Are you a victim of medical malpractice?

At the Law Offices of Erika E. Anderson, we have experience with medical malpractice cases involving victims of all ages throughout the state of New Mexico. When a health care professional has caused injuries to you or a loved one through negligence, up to and including death, choosing the right law firm to represent you is essential in the pursuit of justice. 

You might be asking yourself, “What is medical malpractice?”

Medical malpractice is a legal cause of action that occurs when a medical or health care professional deviates from standards in his or her profession, thereby causing injury to a patient.

In common law jurisdictions, medical malpractice liability is normally based on the laws of negligence.

Although the laws of medical malpractice differ significantly between nations, as a broad general rule, liability follows when a health care practitioner does not show a fair, reasonable and competent degree of skill when providing medical care to a patient. If a practitioner hires himself out as a specialist, a higher degree of skill is required.

Jurisdictions have also been increasingly receptive to claims based on informed consent, raised by patients who allege that they were not adequately informed of the risks of medical procedures before agreeing to treatment. As laws vary by jurisdiction, the specific professionals who may be targeted by a medical malpractice action will vary depending upon where the action is filed. Among professionals that may be potentially liable under medical malpractice laws are,

•Medical Practitioners – including physicians, surgeons, psychiatrists and dentists.

•Nurses, nurse practitioners, and physician assistants.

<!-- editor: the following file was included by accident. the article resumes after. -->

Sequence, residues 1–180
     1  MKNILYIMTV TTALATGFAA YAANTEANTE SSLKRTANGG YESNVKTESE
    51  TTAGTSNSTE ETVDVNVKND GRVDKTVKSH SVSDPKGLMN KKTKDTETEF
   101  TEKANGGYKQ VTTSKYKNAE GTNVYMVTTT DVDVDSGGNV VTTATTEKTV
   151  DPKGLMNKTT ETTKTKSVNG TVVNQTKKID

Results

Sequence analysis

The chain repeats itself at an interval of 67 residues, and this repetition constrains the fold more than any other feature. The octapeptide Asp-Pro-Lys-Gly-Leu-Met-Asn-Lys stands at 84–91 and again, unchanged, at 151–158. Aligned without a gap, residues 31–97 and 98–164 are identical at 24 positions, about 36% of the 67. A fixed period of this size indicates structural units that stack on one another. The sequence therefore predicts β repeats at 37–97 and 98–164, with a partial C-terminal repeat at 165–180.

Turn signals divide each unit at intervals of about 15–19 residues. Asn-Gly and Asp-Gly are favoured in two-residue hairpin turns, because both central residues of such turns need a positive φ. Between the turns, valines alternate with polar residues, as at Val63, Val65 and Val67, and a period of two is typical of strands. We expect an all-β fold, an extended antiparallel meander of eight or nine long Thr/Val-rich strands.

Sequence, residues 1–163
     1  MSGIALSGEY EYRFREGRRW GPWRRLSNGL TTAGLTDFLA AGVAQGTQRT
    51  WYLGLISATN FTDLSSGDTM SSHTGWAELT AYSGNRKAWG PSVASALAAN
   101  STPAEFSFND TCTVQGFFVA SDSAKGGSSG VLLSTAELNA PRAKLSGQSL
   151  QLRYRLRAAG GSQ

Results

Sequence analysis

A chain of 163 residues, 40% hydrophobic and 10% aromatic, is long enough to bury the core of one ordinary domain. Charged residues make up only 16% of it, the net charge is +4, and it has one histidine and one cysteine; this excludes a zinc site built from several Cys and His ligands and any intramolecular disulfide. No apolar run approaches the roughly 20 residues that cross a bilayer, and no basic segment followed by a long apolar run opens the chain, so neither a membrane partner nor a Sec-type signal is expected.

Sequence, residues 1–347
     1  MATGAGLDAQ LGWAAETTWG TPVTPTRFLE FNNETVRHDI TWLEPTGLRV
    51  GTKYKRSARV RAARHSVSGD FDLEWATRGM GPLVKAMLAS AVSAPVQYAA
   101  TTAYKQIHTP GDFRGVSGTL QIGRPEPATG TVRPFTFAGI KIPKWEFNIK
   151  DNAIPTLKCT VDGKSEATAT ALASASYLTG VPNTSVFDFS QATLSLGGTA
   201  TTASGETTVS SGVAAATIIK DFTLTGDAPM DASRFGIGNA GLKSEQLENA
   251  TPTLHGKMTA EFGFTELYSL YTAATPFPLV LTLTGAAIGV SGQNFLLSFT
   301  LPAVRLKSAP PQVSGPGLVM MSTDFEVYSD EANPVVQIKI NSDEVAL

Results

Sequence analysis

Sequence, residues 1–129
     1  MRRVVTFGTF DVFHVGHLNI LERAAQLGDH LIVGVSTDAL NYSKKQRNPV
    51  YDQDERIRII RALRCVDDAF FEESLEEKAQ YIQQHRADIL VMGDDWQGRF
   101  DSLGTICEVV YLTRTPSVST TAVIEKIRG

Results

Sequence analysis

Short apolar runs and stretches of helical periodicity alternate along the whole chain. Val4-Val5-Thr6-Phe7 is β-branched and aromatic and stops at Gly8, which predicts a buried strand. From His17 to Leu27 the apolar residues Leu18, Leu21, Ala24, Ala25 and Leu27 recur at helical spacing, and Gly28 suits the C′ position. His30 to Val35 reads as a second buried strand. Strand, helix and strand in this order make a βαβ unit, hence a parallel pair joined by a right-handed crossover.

•Allied health professionals – including physiotherapists, osteopaths, chiropractors, podiatrists, occupational therapists, social workers, psychologists, pharmacists, optometrists, midwives, and medical radiation practitioners. (Medical malpractice, n.d.)

Is misdiagnosis medical malpractice?

Among the acts or omissions that may potentially support a medical malpractice claim are the failure to properly diagnose a disease or medical condition, the failure to provide appropriate treatment for a medical condition, and unreasonable delay in treating a diagnosed medical condition. In some jurisdictions a medical malpractice action may be allowed even without a mistake from the doctor, based upon principles of informed consent, where a patient was not informed of possible consequences of a course of treatment and would have declined the medical treatment had proper information been provided in advance.

Medical Malpractice Lawsuits

In many jurisdictions, a medical malpractice lawsuit is initiated officially by the filing and service of a summons and complaint. The parties subsequently engage in discovery,” a process through which documents such as medical records are exchanged, and depositions are taken by parties involved in the lawsuit. A deposition involves the taking of statements made under oath about the case. Certain conversations are not discoverable due to issues of privilege, a legal protection against discovery, but most conversations between the parties and witnesses are discoverable. (Medical malpractice, n.d.)•In the United States, tort lawsuits may be used to seek compensation for malpractice. Awards of compensation in the United States tend to be much larger than awards for similar injuries in other nations.

A no-fault system may provide compensation to people who have medical outcomes that are significantly worse than would be anticipated under the circumstances, or where there is proof of injury resulting from medical error, without regard to whether or not malpractice occurred. Some no fault systems are restricted to specific types of injury, such as a birth injury or vaccine injury.